As our lifestyle changes according to how the Covid-19 pandemic impacts us, hand sanitisers has become one of our daily necessities. As far as we’re concerned, understanding that the hand sanitisers are technically alcohol, we can’t help but wonder if using it will cause ourselves to catch fire.
A public health specialist from Universiti Malaya, Prof Dr Victor Hoe, stated that there would be a danger if hand sanitisers were not used according to recommendations.
Now, what did he mean by “according to recommendations”?
Prof Hoe explained that using hand sanitisers alone will not cause a person’s hand to burn when ignited. It is because we only use a minimal amount of sanitiser to rub our hands with, and that the alcohol would’ve evaporated after a short period of time.
However, if we were to be near an open flame, we’re still not recommended to use hand sanitisers. Prof Hoe warned that hand sanitisers should not be used near an open flame, such as the kitchen.
He expressed that if we were to be near an open flame, it’s best to dry our hands first to minimise the risk of catching on fire.
“If you need to be near an open flame, use a tissue paper to dry your hands first.”
From here onwards, Prof Hoe managed to explain several situations that we assume are dangerous, such as keeping sanitisers in our cars and using sanitiser before handling petrol pumps.
In regards to the claims seen on social media that hand sanitiser bottles could explode in cars, Prof Hoe clarified that the bottles “may explode” if the temperature in the car reaches 82°C.
This is because the boiling point 70% isopropyl alcohol is 82°C, and the alcohol content of hand sanitisers sold in the market ranges from 60% to 75%. Therefore, it is logical to think that the sanitiser bottles will combust once the environment (car) temperature reaches 82°C.
Another issue that revolves cars would be using sanitisers before handling petrol pumps at gas stations. Prof Hoe expressed that the chances of a person’s hand catching on fire after using a hand sanitiser while using the petrol pump would be “very small”.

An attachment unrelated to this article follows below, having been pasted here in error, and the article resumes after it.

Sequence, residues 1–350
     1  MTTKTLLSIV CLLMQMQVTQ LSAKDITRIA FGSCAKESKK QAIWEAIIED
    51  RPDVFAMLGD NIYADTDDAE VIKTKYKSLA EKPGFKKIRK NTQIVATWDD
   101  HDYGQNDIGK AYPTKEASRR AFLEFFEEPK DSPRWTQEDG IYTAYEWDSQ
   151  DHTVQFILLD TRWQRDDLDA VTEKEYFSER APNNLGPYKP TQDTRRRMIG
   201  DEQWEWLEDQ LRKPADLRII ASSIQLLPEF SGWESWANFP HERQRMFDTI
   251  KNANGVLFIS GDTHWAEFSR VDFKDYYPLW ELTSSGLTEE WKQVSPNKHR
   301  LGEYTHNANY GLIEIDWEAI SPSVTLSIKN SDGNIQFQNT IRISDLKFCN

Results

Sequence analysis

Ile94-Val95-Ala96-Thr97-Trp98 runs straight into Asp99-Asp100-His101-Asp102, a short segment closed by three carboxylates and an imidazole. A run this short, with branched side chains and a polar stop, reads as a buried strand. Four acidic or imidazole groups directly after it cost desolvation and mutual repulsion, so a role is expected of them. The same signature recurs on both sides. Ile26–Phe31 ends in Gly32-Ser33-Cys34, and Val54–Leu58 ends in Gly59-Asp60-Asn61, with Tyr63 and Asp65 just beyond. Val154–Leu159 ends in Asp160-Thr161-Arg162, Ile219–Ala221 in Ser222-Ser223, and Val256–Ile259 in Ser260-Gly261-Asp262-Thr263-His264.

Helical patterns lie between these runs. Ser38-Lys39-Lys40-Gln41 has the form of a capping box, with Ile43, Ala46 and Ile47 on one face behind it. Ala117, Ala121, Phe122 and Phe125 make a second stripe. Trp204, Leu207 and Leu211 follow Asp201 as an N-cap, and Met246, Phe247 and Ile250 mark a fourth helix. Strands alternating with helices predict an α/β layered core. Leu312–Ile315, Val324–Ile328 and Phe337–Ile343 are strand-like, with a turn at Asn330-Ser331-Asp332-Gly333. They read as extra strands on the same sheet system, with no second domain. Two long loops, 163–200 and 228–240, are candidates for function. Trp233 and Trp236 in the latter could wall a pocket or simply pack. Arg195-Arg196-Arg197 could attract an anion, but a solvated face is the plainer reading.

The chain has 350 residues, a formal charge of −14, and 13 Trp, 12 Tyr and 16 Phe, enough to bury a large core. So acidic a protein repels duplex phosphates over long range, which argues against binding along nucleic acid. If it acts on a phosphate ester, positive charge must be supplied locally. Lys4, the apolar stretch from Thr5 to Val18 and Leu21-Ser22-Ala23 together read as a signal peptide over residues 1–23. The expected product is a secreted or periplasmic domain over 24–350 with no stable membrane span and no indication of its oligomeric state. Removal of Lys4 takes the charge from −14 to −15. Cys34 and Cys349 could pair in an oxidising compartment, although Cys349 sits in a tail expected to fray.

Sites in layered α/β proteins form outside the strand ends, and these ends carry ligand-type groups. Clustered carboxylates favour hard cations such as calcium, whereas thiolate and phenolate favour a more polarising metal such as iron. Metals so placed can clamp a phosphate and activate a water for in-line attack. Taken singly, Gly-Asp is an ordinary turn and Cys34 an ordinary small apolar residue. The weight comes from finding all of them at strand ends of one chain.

Thus, to make us feel more secure about keeping our hands clean at a gas station, he recommended wiping our hands with a tissue before handling the pump. He also emphasised to NOT use an alcohol-based sanitiser while we stand next to the petrol pump, as reported by The Star.
“To reduce the risk, wipe your hands with a tissue before handling the pump. Do not use alcohol-based hand sanitiser next to the fuel pump.”
Another health expert made similar comments on this particular concern. Malaysian Public Health Medicine Specialist Association president, Datuk Dr Zainal Ariffin Omar, mentioned that incidences of cars exploding due to hand sanitisers were rare.
“Hand sanitisers are very safe unless people put them in fire either by accident or intentionally,” he said. He also stated that hand sanitisers are safe to be kept in the car or used at a petrol station AFTER handling the fuel pump.
To simplify his point, Dr Zainal urged everyone to keep the sanitisers away from extreme temperatures or direct fire.
We’re thankful for the clear explanations from the health experts. So to ensure our safety, we should be mindful of our environment and where we store the hand sanitisers.
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